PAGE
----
How to stop Trump ruining your marriage

Susannah Butter
Trump has caused a rift between Kellyanne Conway and her husband, George: REUTERS

It’s not just global politics that Donald Trump is wreaking havoc with — now he is ruining marriages too. The President’s Counselor, Kellyanne Conway, and her husband George, a lawyer, gave an interview to The Washington Post this week where it emerged that there is a third person in their marriage — Trump.

You know how it goes, girl meets boy, boy introduces girl to influential mate to impress her, girl helps mate win an election and boy wishes he’d kept his friends to himself. The Conways have weathered 17 years of marriage and have four children but now their house is divided —will they survive the Trump presidency?

George initially supported Trump, weeping for joy when he was elected, but now that he’s really seeing what Trump stands for, he says, “I cry for other reasons”. He has become an agitator against the presidency, tweeting criticism (which has seen his follower count soar to 108,000) and writing a 3,473-word essay refuting Trump’s assertion that special counsel Robert S. Mueller III’s Russia investigation was “unconstitutional.” It’s awks when your partner doesn’t like your boss but this is an extreme case of divided loyalties.

“I feel there’s a part of him that thinks I chose Donald Trump over him,” Kellyanne told The Washington Post. “Which is ridiculous. One is my work and one is my marriage.” He calls Trump “your boss”; she corrects him: “Our President”.

It’s not just those in high office this is a problem for. When you love someone but they love Brexit, it’s toxic. Nigel Shepherd, the head of family law organisation Resolution, has said the stress of leaving the EU is adding to pressure on couples. It need not be a disaster: here’s how your relationship can survive 2018.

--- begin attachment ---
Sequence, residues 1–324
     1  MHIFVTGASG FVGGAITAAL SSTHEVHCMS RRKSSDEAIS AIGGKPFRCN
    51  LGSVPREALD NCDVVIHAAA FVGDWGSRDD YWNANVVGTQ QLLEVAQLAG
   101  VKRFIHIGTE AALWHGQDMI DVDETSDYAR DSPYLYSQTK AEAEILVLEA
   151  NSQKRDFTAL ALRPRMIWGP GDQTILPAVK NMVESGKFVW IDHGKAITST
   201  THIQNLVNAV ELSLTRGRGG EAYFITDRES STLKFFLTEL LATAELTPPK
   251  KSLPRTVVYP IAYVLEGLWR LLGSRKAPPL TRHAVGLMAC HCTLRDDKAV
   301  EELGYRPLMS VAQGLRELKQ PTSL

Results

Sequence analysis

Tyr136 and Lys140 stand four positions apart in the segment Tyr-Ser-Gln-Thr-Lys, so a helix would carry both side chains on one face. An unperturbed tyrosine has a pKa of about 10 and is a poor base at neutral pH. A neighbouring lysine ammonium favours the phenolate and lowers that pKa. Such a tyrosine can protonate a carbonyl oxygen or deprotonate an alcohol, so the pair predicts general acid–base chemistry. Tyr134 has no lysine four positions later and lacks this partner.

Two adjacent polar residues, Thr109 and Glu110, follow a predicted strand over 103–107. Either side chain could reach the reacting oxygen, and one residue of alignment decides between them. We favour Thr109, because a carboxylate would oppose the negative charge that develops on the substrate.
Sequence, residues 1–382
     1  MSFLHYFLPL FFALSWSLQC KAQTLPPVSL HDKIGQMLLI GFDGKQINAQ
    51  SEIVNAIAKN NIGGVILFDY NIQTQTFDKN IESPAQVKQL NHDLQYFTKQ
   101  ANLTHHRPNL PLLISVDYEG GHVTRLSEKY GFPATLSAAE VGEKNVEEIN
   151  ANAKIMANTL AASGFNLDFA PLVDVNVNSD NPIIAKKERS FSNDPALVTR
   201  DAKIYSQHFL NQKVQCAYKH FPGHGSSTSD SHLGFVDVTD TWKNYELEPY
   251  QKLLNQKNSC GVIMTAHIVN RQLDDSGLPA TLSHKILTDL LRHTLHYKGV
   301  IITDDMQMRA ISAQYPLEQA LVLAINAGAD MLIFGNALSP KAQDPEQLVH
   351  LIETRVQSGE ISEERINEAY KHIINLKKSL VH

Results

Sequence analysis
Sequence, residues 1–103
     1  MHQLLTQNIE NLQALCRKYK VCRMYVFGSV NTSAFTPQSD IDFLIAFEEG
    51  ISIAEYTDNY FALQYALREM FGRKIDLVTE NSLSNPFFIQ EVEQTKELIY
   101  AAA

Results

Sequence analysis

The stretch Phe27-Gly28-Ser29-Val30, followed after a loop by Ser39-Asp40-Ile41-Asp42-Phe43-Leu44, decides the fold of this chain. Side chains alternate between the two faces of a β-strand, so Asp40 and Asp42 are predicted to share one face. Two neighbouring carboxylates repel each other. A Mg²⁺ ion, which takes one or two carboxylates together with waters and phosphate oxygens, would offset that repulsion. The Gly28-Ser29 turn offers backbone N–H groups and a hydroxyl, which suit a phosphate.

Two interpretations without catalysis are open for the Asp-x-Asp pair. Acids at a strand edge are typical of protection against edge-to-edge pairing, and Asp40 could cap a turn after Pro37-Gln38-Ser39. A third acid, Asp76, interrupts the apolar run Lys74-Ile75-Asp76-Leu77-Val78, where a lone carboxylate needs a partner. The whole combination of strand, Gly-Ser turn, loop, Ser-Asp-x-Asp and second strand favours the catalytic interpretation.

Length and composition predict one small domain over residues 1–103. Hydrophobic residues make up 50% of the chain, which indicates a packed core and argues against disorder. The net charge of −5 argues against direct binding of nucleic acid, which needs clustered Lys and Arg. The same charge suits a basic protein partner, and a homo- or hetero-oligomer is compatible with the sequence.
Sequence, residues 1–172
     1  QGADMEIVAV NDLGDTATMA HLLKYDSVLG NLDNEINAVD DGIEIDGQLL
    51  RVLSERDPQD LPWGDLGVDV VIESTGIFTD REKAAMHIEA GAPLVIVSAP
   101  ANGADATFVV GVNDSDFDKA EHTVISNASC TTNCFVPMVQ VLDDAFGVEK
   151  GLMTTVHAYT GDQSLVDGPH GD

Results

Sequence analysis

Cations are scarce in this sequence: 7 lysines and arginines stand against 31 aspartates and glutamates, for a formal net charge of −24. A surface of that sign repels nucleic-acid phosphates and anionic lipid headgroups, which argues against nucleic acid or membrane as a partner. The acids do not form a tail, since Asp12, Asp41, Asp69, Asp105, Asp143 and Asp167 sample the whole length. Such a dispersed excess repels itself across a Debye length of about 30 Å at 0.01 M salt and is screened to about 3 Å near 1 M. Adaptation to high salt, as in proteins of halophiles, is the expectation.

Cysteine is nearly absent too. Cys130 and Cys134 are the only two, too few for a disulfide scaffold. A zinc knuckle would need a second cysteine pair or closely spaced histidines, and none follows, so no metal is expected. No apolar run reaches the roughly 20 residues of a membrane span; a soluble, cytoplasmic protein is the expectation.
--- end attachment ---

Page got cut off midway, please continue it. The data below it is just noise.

Digital detox

Channel Kellyanne and George and do not interact on Twitter. You can be as close as you like IRL but if there’s any possibility of a political clash, keep it offline. There’s no room for nuance in a tweet. Absolutely don’t reference their political views in your “content” — it’s a turn-off. If you do, use a pseudonym. And don’t tell anyone at work what their Twitter handle is.

Don’t look at who they follow — many a relationship has been rocked by the revelation that one partner gets their news from the BBC while the other is addicted to The Canary. You don’t want your relationship to go the way of the divided Labour party.

Master small talk

Having a partner with divergent political views is a liability at parties. One Remainer, whose husband voted Leave, says: “I love him but I have to keep a hawk-like eye on him at parties because if left unattended he will hold forth on trade deals and be deliberately incendiary. No one normal wants to debate EU tariffs on a Friday night.” She sticks to his side with a ready supply of small talk. When that gets exhausting, she just leaves him at home.

Three’s a crowd for George (Getty Images)

Trivial pursuits

If you want to have an argument, get petty. It’s healthy to argue about whose turn it is to put the bins out, and easier to resolve than how Labour can deal with anti-Semitism.

Get a (separate) room

Kellyanne values independence and goes on a lot of walks to clear her head (that’s dangerous, because it leaves George with time to tweet). Time apart is of course easier in a multimillion-pound residence, with space to wedge a few works of fine art and corgis in between you and your partner’s political views.

Vote leave

Once they’ve alienated all your friends and your boss, you may just want to call time. Get a good divorce lawyer and restart your social life. If you haven’t been put off dating, remember this, asking someone’s political views may not be a conventional chat up line but it’s invaluable to know before falling in love.